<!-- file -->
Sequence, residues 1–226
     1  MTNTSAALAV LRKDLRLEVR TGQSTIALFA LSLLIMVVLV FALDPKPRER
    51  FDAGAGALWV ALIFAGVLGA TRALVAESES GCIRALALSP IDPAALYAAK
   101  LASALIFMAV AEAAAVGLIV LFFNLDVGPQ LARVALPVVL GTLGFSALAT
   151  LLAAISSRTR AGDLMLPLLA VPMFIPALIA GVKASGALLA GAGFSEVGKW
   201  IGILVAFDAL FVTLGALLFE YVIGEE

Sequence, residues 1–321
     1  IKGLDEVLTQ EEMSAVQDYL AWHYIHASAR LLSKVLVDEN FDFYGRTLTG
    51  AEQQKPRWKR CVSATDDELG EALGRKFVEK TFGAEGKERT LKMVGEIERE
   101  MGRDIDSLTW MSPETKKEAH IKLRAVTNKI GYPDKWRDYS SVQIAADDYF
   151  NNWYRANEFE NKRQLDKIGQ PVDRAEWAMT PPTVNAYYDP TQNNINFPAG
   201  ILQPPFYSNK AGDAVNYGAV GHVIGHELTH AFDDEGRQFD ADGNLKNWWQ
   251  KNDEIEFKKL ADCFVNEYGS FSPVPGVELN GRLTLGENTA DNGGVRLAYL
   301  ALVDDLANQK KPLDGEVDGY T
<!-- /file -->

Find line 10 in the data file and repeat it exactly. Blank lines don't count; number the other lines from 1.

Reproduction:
   101  MGRDIDSLTW MSPETKKEAH IKLRAVTNKI GYPDKWRDYS SVQIAADDYF